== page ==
When I put sweetie in the separate coop with my two teen age hen chicks, I thought she was going to be the boss since she is two months older, but it didn't turn out that way, poor thing.
 
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Shezadandy

Crowing
Sep 26, 2015
2,027
2,448
357
Portland OR
oh, i use mine the way they use it for horses - I add water to it and let it expand. The chicks like to eat it out of curiosity, it doesn’t take too long before they realize it’s not tasty though, lol!

I also use mine for coop bedding, it makes clean up soooo much easier!
Oh, that makes sense! I use it dry knowing the chicks will at some point tip over their waterer and just plain being lived in breaks it down. For the coop floor, it depends on the season and the weather. If it's dry of course the pellets will stay intact for a lot longer. This time of year with the rain/mud they drag in on their feet, usually much is converted to the expanded form in about a month. Love how easily it breaks down in the waste pile too compared to shavings.
 

RIR chicks

Songster
Sep 28, 2020
218
722
126
Hi all!
I was wondering what the essentials are for raising chicks? Also, what are the essentials for caring for adult chickens? What are the maintenance schedules like for both chicks and chickens? What is a good number of chickens to start with? How much land would they need? Can you guys recommend any useful products? Sorry for the question overload, I just really want to learn. Does anyone have some good point/reasons to get chickens so that I can convince my mom? Thanks!
If you want to convince your mom what I told my parents is when the chicks grow up will we have farm fresh eggs. A good number of chicks to start with is about 4-6. you need to have at least 3. A grown chickens needs about 3-4 square acres of land In the coop. Chicks well I don’t know just are sure the brooder box isn’t crowded. chick schedule: feed them, clean waterer, and if you have abut 4-6 chicks put new pine shavings at least once a week, if the chicks have pasty-butt/PB you need to treat them for that. For Chickens I don’t know. If you get chicks you need to get a heat lamp or a heating pad thing. IMPORTANT: buy grit! They need grit to digest their food. If you have chicks as long as they are only eating chick feed then they don’t need grit but, if you feed them treats like seeds, veggies, fruit, meals worms and other worms then they need grit, you can give them boiled eggs without grit But, just in case you should give them a bit of sand to help them digest. If you get adult chickens then get a heated waterer, in the winter it is cold and will freeze the water so, if its heated it will keep it warm and ice free, you don’t have to turn on the build in heating thing in summer (unles its cold). Chicks don’t need a hater hint in their water because they should be away from the cold and also have the heat lamp or if they are in a house there might be a heater in the house/room. I hope this wasn’t too much for you to read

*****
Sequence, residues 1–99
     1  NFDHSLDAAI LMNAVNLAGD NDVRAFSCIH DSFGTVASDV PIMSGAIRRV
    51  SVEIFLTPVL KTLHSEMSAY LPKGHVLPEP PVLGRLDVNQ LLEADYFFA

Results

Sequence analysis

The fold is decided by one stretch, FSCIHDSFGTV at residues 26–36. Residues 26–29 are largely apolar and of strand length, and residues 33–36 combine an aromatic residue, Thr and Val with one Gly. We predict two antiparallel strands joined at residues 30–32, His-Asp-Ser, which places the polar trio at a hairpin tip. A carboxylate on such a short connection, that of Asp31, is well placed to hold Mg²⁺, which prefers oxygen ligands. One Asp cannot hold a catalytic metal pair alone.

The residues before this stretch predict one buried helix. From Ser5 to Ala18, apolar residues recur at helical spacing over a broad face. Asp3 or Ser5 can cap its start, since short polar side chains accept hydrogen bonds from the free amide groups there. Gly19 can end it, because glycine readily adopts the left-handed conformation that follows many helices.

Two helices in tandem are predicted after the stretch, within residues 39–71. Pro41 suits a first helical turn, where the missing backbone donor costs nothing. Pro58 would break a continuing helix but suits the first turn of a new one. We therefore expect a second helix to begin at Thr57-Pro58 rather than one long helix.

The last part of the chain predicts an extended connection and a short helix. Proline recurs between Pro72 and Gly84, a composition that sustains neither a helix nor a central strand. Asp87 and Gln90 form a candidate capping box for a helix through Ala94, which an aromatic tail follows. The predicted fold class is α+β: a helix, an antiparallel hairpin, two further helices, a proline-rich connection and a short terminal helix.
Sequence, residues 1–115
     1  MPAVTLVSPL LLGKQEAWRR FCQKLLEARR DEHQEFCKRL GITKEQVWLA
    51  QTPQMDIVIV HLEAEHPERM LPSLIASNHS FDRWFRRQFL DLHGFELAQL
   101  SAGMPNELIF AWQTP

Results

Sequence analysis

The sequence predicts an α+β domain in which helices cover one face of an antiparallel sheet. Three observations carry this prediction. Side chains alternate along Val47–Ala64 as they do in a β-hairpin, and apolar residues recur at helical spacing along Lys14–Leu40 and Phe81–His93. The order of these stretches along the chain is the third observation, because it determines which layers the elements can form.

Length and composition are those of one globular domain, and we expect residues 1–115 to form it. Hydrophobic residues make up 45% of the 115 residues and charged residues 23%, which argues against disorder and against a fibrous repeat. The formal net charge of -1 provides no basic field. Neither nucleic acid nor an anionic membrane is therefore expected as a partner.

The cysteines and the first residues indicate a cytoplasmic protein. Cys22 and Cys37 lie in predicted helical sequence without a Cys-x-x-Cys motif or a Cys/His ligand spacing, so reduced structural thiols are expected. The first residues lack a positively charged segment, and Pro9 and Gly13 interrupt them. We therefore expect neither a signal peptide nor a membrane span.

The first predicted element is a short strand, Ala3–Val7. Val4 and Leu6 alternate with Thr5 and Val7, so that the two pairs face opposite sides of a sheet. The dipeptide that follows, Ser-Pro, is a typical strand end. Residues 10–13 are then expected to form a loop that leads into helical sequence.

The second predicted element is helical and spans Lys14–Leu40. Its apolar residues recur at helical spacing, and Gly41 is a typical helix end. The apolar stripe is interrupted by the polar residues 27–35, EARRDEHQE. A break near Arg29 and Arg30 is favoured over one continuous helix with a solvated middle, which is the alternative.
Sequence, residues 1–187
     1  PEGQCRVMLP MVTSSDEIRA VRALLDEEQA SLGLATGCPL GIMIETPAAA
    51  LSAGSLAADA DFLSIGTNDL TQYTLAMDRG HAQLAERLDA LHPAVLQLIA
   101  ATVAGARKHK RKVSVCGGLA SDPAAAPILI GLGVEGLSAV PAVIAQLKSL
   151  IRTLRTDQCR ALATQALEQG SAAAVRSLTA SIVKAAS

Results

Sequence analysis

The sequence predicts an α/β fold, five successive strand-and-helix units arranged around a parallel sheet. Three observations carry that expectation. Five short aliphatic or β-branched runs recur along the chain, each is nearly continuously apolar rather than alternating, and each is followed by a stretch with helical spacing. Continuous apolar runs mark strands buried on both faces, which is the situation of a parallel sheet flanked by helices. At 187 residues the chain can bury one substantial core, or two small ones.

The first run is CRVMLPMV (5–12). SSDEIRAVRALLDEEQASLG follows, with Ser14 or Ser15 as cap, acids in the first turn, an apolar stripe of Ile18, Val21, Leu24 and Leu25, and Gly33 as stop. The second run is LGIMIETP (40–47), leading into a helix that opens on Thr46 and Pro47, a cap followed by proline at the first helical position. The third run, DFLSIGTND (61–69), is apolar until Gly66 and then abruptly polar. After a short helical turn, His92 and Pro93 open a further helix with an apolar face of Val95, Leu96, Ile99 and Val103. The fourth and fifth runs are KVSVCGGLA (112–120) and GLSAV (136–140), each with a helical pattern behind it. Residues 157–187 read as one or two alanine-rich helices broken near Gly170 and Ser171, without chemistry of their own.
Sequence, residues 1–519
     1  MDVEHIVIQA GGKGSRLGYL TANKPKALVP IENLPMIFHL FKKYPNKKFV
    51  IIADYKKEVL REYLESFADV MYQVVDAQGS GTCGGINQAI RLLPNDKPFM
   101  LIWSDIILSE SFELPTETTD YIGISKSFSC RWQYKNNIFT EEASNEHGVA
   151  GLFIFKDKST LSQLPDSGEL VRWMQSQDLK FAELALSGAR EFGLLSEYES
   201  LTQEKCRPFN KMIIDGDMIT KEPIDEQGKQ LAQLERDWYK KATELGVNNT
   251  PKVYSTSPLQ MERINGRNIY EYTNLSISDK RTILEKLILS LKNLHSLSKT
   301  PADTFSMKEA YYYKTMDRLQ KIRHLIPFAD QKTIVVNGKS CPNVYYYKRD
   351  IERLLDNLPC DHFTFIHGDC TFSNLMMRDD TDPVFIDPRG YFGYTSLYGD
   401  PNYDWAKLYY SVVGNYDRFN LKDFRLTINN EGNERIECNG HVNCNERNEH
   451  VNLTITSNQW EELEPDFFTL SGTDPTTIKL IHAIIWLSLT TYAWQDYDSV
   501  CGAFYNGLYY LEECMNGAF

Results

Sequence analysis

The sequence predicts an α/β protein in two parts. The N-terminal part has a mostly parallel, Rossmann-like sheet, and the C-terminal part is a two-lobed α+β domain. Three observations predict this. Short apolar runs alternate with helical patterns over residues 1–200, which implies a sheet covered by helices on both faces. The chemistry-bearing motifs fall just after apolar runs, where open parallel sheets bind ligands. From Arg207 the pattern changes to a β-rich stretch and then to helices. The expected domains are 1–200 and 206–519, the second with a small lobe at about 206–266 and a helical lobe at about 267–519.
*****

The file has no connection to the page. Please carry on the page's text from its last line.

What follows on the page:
RIR chicks

Songster
Sep 28, 2020
218
722
126
No. I wouldn't eat them. I'd raise them for eggs. What do you recommend for bedding? What do you recommend for food?
Pine shavings for bedding NEVER use cedar shavings they are bad for your chicks. For food you need to decide if you want medicated or unmediated. Medicated is feed that will prevent your chicks from Getting an illness form eating dirt or another chick/chickens poop. Chick feed is also called chick starter/grower so, look for that
 

Lizmom

In the Brooder
Jul 3, 2020
24
30
34
How would I heat the coop when it is winter?

You are near San Francisco. You never get extremes of weather there. I took the same clothes there in January and August and was comfortable.